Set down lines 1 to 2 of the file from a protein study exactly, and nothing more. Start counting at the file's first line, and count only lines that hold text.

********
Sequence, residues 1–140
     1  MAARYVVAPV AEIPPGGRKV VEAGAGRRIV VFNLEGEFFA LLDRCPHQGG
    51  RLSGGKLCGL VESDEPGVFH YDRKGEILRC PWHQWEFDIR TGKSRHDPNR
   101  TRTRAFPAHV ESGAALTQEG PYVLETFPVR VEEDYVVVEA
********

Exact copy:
Sequence, residues 1–140
     1  MAARYVVAPV AEIPPGGRKV VEAGAGRRIV VFNLEGEFFA LLDRCPHQGG